Gnocchi is satisfying when done well. Kabocha squash makes a delicious fall and winter substitute for potato. Its dry, bright orange flesh is easy to work with, tasty, and looks great on the plate. Fried sage, walnuts, butter, and Parmigiano complete the simple but deeply satisfying meal.
The key is to exercise restraint in order to avoid overworking the dough. Mix until it just comes together, allowing the texture of the dough to be a little rough and shaggy. Trust that the dough will become smoother as the process proceeds—it will.
This recipe makes a substantial amount of gnocchi. You may want to poach and fry the gnocchi in batches to avoid overcrowding your pot and pan. Surplus uncooked gnocchi can be frozen for another night, and tossed into salted boiling water right from the freezer.
- 20 ounces/600 grams kabocha squash (about 1 medium squash)
- 4 teaspoons kosher salt
- 1 egg yolk
- 1 tablespoon butter (melted)
- 1 tablespoon extra virgin olive oil (plus more for drizzling)
- 1/2 teaspoon nutmeg (freshly grated)
- 1 1/2 cups/200 grams all-purpose flour (sifted)
- 1/2 cup unsalted butter
- 3/4 cup fresh sage leaves (loosely packed)
- 1 cup walnuts (halves and pieces, toasted)
- 2 ounces Parmigiano-Reggiano (shaved)
- Freshly ground black pepper
Gather the ingredients. Heat the oven to 350 F.
Split the kabocha in half vertically. Scoop out the seeds and pulp and discard. Place squash cut-side down on a baking sheet lined with parchment paper. Bake for 45 minutes or until the flesh is tender and separates easily from the skin. Turn the squash halves cut side up to cool.
When the squash is cool enough to handle, use a spoon to scoop the flesh away from the skin. Discard the skin. Pass the kabocha flesh through a potato ricer or mash well with a potato masher. Weigh 20 ounces and set aside any extra for another use.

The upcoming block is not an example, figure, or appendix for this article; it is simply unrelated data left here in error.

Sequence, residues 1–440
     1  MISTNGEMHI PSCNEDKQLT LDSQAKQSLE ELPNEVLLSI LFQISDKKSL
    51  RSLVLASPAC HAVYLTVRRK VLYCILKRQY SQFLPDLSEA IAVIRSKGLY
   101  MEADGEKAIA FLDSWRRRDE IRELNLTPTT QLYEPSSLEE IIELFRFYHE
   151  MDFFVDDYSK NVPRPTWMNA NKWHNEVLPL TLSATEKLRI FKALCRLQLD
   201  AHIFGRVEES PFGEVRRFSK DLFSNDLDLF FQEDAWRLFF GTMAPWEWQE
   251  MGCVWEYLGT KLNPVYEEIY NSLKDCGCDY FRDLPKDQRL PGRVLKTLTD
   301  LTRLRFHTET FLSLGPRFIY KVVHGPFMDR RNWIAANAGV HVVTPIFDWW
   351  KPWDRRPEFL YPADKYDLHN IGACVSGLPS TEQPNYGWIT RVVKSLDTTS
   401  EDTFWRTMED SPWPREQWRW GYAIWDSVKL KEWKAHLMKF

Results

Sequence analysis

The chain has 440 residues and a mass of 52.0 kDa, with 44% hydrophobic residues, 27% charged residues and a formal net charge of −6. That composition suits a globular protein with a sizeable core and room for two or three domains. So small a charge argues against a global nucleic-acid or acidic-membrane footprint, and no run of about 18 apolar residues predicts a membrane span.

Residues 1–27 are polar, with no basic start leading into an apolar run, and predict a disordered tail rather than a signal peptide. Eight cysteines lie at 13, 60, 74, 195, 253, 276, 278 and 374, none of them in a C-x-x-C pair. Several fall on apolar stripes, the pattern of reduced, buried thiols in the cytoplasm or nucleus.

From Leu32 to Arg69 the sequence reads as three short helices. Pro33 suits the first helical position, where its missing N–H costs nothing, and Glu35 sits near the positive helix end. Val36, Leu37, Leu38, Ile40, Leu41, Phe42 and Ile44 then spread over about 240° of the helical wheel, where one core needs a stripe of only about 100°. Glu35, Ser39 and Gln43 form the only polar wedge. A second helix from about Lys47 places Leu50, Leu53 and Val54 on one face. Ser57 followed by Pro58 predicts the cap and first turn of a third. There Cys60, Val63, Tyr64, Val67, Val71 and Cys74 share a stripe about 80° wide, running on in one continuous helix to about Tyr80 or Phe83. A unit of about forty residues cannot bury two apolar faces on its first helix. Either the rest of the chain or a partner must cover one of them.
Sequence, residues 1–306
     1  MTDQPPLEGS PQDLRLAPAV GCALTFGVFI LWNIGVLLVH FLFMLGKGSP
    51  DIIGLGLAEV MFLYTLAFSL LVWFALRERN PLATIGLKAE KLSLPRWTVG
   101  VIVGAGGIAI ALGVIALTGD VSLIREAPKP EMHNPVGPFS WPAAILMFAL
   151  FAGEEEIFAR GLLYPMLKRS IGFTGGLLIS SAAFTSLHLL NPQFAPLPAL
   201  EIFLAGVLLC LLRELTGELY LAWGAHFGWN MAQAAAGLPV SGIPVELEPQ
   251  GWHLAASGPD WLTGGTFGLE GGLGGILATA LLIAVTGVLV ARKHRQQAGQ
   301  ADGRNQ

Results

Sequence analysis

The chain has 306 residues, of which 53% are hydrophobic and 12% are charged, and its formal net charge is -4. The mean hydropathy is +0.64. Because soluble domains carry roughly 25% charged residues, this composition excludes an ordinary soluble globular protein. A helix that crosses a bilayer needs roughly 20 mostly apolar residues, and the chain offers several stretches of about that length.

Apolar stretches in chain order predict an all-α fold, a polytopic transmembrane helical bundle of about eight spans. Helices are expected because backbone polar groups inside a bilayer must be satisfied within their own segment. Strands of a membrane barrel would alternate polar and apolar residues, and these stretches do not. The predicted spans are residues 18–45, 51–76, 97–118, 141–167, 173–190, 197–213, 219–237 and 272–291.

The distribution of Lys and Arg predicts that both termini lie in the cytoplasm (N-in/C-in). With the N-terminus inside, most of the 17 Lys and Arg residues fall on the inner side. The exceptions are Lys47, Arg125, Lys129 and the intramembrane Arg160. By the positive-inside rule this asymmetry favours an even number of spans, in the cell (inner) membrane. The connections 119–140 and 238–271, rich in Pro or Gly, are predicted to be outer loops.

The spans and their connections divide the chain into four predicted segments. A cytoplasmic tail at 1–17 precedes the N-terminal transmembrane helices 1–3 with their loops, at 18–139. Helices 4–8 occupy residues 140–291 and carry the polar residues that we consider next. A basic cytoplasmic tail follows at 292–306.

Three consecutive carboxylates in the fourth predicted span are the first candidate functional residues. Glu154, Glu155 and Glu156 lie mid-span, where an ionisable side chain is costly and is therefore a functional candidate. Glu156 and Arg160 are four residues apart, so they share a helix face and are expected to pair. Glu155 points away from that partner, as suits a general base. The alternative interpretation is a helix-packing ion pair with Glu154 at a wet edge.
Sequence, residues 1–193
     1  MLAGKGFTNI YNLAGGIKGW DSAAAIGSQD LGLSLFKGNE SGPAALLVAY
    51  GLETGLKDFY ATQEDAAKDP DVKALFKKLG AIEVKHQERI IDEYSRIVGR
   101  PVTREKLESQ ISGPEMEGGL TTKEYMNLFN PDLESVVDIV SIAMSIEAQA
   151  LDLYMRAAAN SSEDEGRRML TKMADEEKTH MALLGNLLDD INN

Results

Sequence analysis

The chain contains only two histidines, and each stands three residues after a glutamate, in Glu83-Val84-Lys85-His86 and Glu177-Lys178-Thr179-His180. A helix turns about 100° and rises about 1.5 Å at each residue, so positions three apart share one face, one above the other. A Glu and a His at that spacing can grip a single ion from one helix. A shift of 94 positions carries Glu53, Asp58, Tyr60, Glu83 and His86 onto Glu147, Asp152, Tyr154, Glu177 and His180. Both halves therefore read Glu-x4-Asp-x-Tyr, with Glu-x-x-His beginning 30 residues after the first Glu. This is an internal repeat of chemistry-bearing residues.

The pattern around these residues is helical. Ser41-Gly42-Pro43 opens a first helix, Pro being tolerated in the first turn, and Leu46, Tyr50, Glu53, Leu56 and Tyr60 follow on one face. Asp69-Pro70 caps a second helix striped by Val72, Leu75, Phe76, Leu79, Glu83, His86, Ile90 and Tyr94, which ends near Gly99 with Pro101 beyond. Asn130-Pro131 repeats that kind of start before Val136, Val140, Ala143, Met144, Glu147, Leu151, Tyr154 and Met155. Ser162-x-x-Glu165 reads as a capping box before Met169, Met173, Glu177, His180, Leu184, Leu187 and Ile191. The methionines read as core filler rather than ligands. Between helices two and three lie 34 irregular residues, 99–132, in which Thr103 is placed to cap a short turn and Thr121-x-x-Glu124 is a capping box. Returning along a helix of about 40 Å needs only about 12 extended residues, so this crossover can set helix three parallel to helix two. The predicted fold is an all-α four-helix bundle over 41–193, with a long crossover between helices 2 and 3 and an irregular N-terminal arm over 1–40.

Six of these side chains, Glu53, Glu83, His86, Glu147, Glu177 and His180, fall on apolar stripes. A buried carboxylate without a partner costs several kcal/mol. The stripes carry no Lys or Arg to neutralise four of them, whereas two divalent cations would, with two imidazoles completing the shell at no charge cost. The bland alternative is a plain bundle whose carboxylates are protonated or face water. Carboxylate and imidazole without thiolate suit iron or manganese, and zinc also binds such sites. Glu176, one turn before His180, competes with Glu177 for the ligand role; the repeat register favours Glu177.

Add the quash, salt, egg yolk, butter, olive oil, and nutmeg to a large bowl. Toss to combine.
Add the sifted flour and mix gently with a spoon. Use your hands to knead the dough until you are just able to form it into a single mass.
Pull off a lump of dough about the size of a lemon. Lightly flour a work surface and your hands. Roll the lump into a rope about a 1/2-inch thick, then cut the rope into 1/2-inch pieces. If desired, use a gnocchi board or the tines of a fork to create ridges in the gnocchi. Set aside on a lightly floured parchment-lined sheet pan. Repeat with remaining dough.
Bring a large pot of water to a boil over high heat. Do not salt the water. Poach the gnocchi until they float to the surface, then remove them to a sheet pan with a spider skimmer or slotted spoon. Drizzle the gnocchi with a little olive oil to prevent sticking and arrange in a single layer.
Put two large skillets on the stove and place 1/4 cup of butter in each skillet. Heat the first skillet over medium heat. When the butter foams, add the sage leaves. Fry the sage until the leaves are crispy and the butter is lightly browned, 3 to 5 minutes. Remove the sage leaves and set aside, then ladle about one cup of the gnocchi cooking liquid into the skillet. Bring to a simmer to slowly reduce the buttery sauce while you fry the gnocchi.
Heat the second skillet over medium-high heat. When the butter stops foaming, add the cooked gnocchi. Gently sauté until the gnocchi is partially browned and lightly crisped on the outside. Add the walnuts and stir to distribute. Remove from heat.
Plate the gnocchi and walnuts. Top each plate of gnocchi with some of the fried sage leaves and a few spoonfuls of the reduced butter sauce. Top with the shaved Parmigiano and freshly ground pepper. Serve immediately.
How to Store Winter Squash Gnocchi
Cooked gnocchi will keep for several days in the fridge, covered. To reheat, add a little olive oil or butter to a skillet over medium heat, add the gnocchi, and cook until heated through. You can also microwave gnocchi, but the texture may not be ideal.
You can also freeze uncooked gnocchi in a zip-close freezer bag for up to 3 months. You can cook it in salted boiling water right from the freezer.